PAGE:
The weather did not favor us on Saturday — it was cold, gray, and damp — but in a certain way that was fitting. We were visiting Snowden, in Goochland County, the erstwhile home of Brian's great-grandfather's last owner. I still haven't grown accustomed to using the word "owner" when describing one person's relationship to another, but such is the ugly reality of slavery — the perversity of it strikes you again and again.
Alexander Maben Hobson, a major in the Confederate Army, owned Mat Palmer, who somehow made his way from Snowden to Richmond (today, a journey of about an hour on I-64 and various winding county roads), where he enlisted in the Union Army toward the tail end of the Civil War. Mat would have been a young man at the time, somewhere in his early twenties, and given how much longer he lived (well into the 20th century), we can surmise that he was strong and fit. You would have had to be strong to withstand the backbreaking labor of the tobacco field. We have read that Maben Hobson was a "kind" master, but kindness went only so far in a slave economy.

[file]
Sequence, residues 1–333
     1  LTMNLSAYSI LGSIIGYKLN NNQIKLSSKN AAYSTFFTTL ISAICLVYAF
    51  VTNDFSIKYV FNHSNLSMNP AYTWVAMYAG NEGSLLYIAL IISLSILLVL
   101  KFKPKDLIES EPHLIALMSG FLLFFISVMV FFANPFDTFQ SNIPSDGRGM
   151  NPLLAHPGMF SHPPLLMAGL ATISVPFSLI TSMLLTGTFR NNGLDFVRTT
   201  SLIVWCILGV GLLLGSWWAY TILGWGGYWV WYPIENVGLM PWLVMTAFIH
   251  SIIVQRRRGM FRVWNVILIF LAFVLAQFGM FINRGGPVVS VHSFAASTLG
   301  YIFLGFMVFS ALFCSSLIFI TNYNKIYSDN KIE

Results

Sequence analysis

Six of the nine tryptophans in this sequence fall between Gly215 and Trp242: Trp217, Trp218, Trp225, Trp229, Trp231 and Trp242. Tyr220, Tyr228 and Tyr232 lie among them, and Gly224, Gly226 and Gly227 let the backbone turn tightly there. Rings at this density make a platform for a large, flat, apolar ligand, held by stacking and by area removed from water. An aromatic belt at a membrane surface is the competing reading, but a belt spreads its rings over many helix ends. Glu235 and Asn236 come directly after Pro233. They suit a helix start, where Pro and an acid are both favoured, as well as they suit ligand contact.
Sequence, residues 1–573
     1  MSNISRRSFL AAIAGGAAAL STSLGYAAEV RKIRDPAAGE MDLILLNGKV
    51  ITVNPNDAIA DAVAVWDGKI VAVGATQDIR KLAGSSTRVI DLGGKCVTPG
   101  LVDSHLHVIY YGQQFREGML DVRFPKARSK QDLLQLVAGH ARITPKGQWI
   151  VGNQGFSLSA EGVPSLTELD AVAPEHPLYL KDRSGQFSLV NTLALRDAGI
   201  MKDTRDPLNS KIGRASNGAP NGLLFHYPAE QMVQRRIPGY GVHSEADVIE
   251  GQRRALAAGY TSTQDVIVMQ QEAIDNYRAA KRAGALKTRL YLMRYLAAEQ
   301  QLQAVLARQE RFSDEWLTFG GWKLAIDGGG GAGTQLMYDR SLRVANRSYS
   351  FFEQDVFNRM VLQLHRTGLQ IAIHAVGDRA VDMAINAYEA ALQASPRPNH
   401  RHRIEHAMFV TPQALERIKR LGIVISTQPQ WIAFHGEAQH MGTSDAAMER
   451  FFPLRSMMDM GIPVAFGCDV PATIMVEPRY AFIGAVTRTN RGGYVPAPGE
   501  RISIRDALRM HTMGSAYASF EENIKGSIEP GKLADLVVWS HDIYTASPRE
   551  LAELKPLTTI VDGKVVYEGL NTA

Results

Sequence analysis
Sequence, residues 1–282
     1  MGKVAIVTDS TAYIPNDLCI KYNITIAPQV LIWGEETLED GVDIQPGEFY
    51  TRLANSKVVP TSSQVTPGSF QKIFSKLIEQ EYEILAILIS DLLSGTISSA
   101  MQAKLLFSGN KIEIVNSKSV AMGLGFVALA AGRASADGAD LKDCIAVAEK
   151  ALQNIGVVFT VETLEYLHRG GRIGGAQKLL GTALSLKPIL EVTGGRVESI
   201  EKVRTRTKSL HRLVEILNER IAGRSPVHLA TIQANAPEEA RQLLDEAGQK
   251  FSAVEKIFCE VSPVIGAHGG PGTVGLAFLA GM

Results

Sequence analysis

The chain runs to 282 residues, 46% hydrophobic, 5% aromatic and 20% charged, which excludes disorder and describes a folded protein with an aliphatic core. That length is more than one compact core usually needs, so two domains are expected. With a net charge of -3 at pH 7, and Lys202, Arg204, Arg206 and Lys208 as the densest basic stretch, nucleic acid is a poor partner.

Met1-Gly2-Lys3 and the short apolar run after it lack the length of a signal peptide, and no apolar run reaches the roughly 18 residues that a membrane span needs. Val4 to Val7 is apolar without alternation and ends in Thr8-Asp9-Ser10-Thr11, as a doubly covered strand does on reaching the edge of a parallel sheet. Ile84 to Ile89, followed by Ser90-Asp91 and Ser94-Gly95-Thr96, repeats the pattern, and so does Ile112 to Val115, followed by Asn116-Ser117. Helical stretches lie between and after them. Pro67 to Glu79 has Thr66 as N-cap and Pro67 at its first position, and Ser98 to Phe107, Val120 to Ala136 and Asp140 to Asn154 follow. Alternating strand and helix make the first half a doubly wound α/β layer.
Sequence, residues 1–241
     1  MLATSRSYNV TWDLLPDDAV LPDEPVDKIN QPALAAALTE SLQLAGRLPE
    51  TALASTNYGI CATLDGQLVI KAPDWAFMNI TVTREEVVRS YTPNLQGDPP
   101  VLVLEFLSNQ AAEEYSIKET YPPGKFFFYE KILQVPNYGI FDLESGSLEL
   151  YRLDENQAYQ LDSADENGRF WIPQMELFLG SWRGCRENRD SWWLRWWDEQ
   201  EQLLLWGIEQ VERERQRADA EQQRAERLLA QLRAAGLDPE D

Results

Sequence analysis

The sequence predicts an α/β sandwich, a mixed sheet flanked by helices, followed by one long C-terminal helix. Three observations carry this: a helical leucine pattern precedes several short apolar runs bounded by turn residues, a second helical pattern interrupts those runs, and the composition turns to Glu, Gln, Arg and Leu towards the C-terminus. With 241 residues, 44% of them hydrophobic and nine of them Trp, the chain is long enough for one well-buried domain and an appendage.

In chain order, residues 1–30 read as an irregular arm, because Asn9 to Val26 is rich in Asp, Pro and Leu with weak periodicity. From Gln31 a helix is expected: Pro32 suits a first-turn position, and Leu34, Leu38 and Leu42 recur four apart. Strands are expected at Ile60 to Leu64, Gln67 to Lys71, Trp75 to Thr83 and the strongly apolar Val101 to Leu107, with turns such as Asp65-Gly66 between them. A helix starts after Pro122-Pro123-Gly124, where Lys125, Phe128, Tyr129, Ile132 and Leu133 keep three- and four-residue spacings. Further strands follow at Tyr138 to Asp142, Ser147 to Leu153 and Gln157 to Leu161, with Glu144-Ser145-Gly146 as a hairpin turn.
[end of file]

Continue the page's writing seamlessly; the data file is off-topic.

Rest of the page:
Snowden sits at the top of a hill overlooking the rolling countryside, which on Saturday was a mottled green, gold, and red. To the south is the James River, hidden by a line of trees. The tobacco would have been planted in the fields along its banks, in the flat bottomland. It's there that Mat might have lived out his days had the South not seceded. He might also have been sold down the river, literally, or forced to walk hundreds of miles, chained to other men and women, to Georgia or Alabama or Mississippi. "From the 1790s to the 1860s, enslavers moved 1 million people from the old slave states to the new," historian Edward Baptist writes in The Half Has Never Been Told. "They went from making no cotton to speak of in 1790 to making almost 2 billion pounds of it in 1860." One million people. Two billion pounds of cotton.
Snowden's current owner has no connection to the Hobson family. His father, a Dutchman, bought the property in the 1970s, along with the neighboring plantation, Clover Forest, which was the family home of Maben Hobson's wife, Polly Pemberton (b. 1829). We have found little trace of her (though, admittedly, we haven't looked very hard). I did find myself wondering what she might have been like as we stood on the hill looking out over land her husband, and possibly she, had once owned. Even if she was inclined to be kind, how had she been shaped by the power she wielded over other people's lives? How did she respond to the loss of that power? Maben Hobson died before the end of the war (at Snowden, in fact, of some awful fever or another contracted in camp). Polly outlived him by more than 25 years. —EHP